Interesting, most RR PI (American and English) cars  I have been in tend to be very suited for tall people - once they were behind the drivers seat after doing the monkey thing to get into the car.  My car was suited probably for 6 foot to 6'3" - and any shorter you would have had a bear of a time.  I recall my mom's cousin driving it in the 1970's - he sat on a phone book and had pedal extenders, plus looked between steering wheel and dash - pretty unsafe driving like that too.  

 

My two 25/30 cars were fine too all be it awkward as all out to have part of the front seat basically cut away under you for the gear shift and emergency brake - felt like you were always balancing on a ball (a key reason why I did not like either car and they were just passing through). 

Link to comment
Share on other sites

On 11/23/2019 at 6:56 AM, alsancle said:

More from the same batch in 1957.

 

RollsMeet1957-4.jpg

In our "tall" car discussions via the 1935 Packard  - when you walked up to this 1929 Lincoln (3rd car in) it was pretty massive  - I always loved the car as it was outstanding original, but .... - just too tall - and it was probably not full top hat sized, probably only 2" taller than normal sedan verses 3" or so - at least it would fit under an 8" garage door if you held it up all the way.   A lot of Brass cars have same issue, excepting they do not fit under standard garage doors - why there are probably so few surviving sedans - at least with an open car you can fold the windshield and put the top down.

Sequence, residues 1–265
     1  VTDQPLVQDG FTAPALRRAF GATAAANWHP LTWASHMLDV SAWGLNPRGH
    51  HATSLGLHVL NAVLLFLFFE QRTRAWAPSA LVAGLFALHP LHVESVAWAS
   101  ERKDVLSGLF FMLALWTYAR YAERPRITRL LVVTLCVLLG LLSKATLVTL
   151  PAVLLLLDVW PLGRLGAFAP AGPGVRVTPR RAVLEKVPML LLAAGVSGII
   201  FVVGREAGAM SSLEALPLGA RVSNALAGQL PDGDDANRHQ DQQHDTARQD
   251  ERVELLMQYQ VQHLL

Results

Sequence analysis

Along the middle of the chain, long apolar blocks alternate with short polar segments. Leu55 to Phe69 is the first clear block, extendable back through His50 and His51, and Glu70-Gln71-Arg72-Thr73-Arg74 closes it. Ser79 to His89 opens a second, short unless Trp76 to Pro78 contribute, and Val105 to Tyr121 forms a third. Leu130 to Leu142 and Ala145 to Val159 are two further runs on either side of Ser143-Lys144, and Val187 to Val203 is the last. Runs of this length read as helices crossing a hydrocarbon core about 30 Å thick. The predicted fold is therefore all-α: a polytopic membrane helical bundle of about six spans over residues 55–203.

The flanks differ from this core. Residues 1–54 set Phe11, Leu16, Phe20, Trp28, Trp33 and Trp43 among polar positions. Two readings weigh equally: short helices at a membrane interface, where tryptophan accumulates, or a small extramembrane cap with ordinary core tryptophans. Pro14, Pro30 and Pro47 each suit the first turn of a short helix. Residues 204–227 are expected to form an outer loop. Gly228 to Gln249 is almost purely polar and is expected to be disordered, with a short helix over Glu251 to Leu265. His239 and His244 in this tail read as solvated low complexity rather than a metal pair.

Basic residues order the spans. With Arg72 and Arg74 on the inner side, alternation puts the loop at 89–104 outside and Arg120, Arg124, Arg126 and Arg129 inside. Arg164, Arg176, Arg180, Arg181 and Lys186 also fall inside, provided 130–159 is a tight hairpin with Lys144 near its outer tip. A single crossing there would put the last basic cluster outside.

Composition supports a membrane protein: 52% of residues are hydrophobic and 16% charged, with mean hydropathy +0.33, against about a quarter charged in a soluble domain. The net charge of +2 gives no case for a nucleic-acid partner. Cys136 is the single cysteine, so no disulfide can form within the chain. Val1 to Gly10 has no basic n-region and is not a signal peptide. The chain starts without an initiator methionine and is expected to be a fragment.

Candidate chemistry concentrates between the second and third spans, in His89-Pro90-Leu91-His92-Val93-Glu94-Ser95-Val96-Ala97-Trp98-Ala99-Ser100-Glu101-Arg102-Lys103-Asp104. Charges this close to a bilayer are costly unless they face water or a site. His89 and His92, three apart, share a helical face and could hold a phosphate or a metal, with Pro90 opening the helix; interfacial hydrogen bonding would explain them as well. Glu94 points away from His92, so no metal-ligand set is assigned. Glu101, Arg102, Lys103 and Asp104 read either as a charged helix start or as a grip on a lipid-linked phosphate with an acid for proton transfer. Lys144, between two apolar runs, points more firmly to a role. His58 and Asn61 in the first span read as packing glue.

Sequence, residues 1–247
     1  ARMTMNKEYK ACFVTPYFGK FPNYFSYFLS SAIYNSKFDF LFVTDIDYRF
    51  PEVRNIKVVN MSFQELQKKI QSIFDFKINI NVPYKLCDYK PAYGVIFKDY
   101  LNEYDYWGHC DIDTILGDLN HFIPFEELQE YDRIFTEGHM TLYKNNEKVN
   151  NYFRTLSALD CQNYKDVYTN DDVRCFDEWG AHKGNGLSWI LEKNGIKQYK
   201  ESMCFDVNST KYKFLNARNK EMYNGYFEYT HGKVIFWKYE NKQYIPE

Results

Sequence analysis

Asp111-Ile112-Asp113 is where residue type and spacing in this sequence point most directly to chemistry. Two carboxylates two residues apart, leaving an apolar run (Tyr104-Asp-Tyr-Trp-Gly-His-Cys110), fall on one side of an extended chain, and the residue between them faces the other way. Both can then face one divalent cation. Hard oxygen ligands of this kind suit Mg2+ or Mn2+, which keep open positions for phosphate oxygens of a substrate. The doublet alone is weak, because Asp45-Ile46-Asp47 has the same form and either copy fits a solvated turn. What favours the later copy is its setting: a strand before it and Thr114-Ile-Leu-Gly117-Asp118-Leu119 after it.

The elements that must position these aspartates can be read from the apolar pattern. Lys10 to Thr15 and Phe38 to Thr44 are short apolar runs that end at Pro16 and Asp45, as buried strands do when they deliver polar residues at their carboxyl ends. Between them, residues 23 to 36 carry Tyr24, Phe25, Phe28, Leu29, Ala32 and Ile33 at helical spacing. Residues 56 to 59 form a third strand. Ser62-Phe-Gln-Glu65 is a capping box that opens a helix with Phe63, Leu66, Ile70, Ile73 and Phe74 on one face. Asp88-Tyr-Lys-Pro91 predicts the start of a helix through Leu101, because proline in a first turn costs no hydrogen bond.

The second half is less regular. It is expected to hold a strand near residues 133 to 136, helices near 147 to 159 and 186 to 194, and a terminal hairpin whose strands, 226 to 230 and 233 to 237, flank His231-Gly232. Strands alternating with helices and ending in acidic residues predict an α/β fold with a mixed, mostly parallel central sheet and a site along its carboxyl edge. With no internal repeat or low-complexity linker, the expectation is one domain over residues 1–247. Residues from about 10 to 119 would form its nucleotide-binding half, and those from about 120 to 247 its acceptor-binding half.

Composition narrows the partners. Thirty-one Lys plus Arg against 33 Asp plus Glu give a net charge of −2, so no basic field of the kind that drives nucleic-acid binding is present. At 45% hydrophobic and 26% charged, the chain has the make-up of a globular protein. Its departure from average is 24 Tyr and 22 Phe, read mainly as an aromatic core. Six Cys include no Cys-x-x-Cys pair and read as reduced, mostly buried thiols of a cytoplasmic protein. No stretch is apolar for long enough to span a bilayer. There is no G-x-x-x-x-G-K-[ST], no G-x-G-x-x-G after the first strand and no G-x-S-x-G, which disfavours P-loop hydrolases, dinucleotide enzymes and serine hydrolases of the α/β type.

Link to comment
Share on other sites

John  I have found most limousines, formal sedans and town cars have very little room in the front for the chauffeur - I also had a excellent original 1937 Packard Super 8 limousine that was bought new by F.X. Matt who owned the Utica Club brewery - same thing short in leg room and the vertical seat back for the front compartment due to the division glass just behind did not help at all either.

  • Like 1
Link to comment
Share on other sites

Here is a barn find I picked up back in 2001. A one off auto show car from 1933. Pierce V-12 bought new by the Haberle Brewing Family of Syracuse Ny. They kept the car till the war. it had 33k on the clock when I got it. August Busch commissioned the first of the series, and his was armored and had multiple gun cabinets..........Lindbergh kidnapping scared a lot of people with means...........

8E686837-B50D-4CC5-9B12-6C275A25FED4.png

Edited by edinmass (see edit history)
  • Like 2
  • Thanks 1
Link to comment
Share on other sites

Ed

I remember seeing that '33 Pierce-Arrow V-12 at the Pierce-Arrow Centennial in Buffalo in 2001, its one impressive motorcar.  Were you the owner then?    That Saturday show in Ellicott Square was a once-in-a-life-time, unforgettable experience.

Link to comment
Share on other sites

1 hour ago, 58L-Y8 said:

Ed

I remember seeing that '33 Pierce-Arrow V-12 at the Pierce-Arrow Centennial in Buffalo in 2001, its one impressive motorcar.  Were you the owner then?    That Saturday show in Ellicott Square was a once-in-a-life-time, unforgettable experience.


Yes, it was mine then. I had just found it and got it running for that meet.  Kept it ten years and 8K miles, then a collector assaulted me with his check book and stole it from me. I still miss it. It made quite a splash when I pulled it out of the barn and brought it to the meet. No one knew it existed. Even the “longtime major collectors”, it was fun being the young kid who hit the jackpot.